By JONAH LOSSIAH
One Feather Staff
The EBCI (Eastern Band of Cherokee Indians) Police Commission held their Sept. 8 meeting and focused on updates from programs.
They had asked on multiple occasions to have Jeremy Brown, interim director of the EBCI Office of Information Technology, attend a meeting. Brown was present and said that he had positive updates for the Commissioners. He said that the Cherokee Indian Police Department (CIPD) and other emergency services are currently preparing and testing the new technology they have been waiting on for months.
“The body cameras are one piece of the upgrade to the entire emergency services fleet. When I say emergency services, I mean police, fire, and EMS. We have installed cradle points in all of the vehicles, and we have successfully gotten those configured to where now all of the vehicles that are on-site will be on the Tribal network anywhere, they have cell signal,” said Brown.
Brown said that the CIPD has tested multiple companies now, and the consensus preference lies with Axon products. Once all the final decisions are made and all the paperwork is sorted, Brown said that they are expecting a 60-to-90-day turnaround on getting order.
“We’re going to be looking at their storage and how they integrate with the cradle points and how they integrate with our in-building wireless. Getting everything ready so that when they show up, they work right out of the box,” said Brown.
Shane Davis, from EBCI Animal Control, also came to the meeting to provide a report. He said that in the month August his staff had picked up 117 dogs and 49 cats. He said that several individuals paid fines to get their animals back, and that they managed to adopt out 17 dogs and three cats. The department brought in $2,075 in fines throughout the month.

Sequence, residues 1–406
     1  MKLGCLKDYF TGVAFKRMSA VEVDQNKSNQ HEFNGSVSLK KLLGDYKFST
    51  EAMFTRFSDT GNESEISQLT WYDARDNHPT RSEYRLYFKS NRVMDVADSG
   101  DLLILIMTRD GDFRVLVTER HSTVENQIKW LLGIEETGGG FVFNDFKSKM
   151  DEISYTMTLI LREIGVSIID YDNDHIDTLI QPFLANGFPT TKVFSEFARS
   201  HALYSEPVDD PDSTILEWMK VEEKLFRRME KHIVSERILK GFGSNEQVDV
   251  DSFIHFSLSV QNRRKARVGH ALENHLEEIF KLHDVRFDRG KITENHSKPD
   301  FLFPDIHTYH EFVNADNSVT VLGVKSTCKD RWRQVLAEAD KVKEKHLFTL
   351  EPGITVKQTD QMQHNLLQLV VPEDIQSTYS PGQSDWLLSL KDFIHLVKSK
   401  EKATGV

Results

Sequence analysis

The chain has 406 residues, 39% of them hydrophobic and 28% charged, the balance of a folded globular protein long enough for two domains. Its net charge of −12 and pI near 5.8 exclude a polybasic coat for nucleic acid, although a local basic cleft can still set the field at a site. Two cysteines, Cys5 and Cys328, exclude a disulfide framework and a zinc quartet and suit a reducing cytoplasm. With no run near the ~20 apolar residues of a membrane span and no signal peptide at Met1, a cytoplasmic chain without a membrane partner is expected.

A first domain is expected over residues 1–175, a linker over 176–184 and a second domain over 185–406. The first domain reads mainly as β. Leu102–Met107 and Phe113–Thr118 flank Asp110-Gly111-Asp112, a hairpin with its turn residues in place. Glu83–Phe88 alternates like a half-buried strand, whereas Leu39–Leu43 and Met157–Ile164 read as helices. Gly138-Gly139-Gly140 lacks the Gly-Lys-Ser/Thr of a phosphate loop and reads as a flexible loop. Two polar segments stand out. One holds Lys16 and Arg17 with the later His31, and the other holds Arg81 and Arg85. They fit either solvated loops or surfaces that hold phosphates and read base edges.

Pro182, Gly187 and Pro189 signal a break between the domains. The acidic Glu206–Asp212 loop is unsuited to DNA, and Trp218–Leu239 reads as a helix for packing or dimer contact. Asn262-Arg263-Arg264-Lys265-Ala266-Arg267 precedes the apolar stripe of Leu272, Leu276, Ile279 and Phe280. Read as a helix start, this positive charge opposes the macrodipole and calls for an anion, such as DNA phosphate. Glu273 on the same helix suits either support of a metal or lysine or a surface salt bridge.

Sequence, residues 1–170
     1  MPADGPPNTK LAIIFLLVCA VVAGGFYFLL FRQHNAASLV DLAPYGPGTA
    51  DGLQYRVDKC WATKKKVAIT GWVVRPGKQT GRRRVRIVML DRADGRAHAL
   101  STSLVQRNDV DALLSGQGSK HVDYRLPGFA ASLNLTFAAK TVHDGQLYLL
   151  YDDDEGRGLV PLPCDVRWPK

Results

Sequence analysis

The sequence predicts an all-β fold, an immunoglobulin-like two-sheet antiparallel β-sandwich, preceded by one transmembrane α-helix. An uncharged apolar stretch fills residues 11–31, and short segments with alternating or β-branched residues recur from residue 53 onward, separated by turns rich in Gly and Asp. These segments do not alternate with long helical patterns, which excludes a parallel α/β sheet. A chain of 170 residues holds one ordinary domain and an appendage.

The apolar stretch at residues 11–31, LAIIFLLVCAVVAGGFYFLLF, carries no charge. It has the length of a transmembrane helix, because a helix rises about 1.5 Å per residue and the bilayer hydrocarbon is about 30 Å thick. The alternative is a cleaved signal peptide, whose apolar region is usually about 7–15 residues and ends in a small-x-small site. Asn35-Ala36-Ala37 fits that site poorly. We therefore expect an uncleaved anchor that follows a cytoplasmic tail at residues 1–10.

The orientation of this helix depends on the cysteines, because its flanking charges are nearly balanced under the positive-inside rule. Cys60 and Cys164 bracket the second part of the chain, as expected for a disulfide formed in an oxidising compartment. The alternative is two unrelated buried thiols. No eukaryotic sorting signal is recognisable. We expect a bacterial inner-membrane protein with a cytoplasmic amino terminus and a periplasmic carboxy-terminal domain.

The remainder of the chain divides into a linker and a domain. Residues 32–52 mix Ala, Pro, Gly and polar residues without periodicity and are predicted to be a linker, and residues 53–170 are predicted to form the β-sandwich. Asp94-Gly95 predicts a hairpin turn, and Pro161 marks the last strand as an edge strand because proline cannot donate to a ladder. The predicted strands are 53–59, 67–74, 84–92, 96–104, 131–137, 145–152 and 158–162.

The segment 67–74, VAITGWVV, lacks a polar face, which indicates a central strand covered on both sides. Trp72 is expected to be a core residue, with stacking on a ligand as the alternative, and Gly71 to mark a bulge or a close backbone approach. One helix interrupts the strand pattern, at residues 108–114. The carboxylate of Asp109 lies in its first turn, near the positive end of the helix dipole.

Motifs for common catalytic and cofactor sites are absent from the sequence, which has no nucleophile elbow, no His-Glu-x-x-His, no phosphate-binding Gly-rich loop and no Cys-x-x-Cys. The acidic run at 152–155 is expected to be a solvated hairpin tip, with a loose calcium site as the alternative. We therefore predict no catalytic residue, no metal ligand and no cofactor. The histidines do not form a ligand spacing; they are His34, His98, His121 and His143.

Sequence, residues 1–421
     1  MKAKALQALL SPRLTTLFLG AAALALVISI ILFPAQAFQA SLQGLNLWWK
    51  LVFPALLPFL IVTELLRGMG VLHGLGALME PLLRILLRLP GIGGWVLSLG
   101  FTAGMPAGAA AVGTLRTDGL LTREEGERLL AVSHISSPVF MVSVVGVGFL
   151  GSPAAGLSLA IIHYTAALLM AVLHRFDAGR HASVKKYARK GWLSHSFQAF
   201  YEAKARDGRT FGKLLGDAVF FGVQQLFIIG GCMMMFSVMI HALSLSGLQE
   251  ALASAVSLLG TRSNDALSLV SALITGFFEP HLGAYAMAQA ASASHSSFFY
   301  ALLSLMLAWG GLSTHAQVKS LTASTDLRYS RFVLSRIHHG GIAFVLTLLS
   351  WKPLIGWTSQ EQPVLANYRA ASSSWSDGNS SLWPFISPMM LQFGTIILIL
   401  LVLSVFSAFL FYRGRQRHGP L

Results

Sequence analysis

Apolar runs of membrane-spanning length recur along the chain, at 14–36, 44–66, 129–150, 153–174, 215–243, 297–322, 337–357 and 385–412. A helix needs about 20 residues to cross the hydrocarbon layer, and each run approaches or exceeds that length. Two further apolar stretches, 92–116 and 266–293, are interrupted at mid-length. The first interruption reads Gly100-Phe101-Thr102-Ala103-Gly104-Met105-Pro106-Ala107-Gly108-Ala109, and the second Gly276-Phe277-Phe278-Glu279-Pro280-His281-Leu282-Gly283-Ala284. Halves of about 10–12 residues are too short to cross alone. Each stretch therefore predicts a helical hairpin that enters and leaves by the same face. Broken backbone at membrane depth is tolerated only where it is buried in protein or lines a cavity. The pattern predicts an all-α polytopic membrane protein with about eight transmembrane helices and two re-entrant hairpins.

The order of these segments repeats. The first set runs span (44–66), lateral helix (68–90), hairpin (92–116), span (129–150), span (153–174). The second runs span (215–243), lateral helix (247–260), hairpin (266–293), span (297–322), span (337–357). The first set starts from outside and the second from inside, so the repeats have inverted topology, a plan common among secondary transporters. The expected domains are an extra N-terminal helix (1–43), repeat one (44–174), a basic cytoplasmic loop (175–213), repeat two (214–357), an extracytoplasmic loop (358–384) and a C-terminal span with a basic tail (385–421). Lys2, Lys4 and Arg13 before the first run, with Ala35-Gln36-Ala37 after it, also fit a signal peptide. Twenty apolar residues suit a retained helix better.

This sparked the Commission to ask where that money goes. Davis said that money does not go to Animal Control, but instead it goes directly to the General Fund. He followed that by saying that he has a proposition for a change.
“I think we should take the fine money and put it towards spay and neuter for the public. Because let’s take a negative and turn it into a positive. For every dollar that comes it, could go towards people getting their animals fixed,” said Davis.
The Commission was fully in support of this idea and pledged that they would do whatever Animal Control needed to assist in getting that amendment made.
Freshly sworn-in Chief of Police Carla Neadeau offered her report, but not before the Commission gave her a congratulations and round of applause for formally taking the mantle for the CIPD. She said that there had been some shifting of positions at the Police Department to accommodate staff and to allow a chance for some internal promotion. She touched on some of the focused problem areas in the community and said that she has done her best to listen to requests and complaints from community members. She mentioned an issue she is now looking to address is satisfying some complaints of coverage in Snowbird.
The CIPD August monthly report offered the following:
- Calls for Service – 1669
- Arrests – 68
- Citations – 141
- Drug Arrests – 6
- Federal Cases – 0
- Tribal Cases – 4
- State Cases – 2
- Cash Seized – $0
- Firearms Seized – 1
- Fatal Overdoses – 0
- Nonfatal Overdoes – 9
- Drugs Seized – Street Value
- 369g Processed Marijuana – $7,380
- 5g MDMA – $50
- 9g Crystal Meth – $1,180
- 5g opioid/opioid derivative – $29,700
- TOTAL – $38,310
- Total Street Value of Drugs Seized in FY22 – $473,068.2
The other visitors to the meeting were Shelli Buckner, from the Tribal Prosecutors Office, and Jonah Bird, from Natural Resources Enforcement (NRE).
The Thursday, Sept. 8 meeting of the EBCI Police Commission was called to order just after 12 p.m. with Chairperson Tunney Crowe; Secretary Anita Lossiah; and Commissioners Kym Parker, Solomon Saunooke, and Hillary Norville present. Vice Chair Buddy Johnson and Commissioners Lisa Taylor and Dunn were all excused absences for the meeting.
The next meeting of the Police Commission is set for Thursday, Oct. 13 at noon. The Commission gathers monthly and has been meeting in the large conference room at the Ginger Lynn Welch Complex. These sessions are open to tribal members until the Commission moves into an executive session.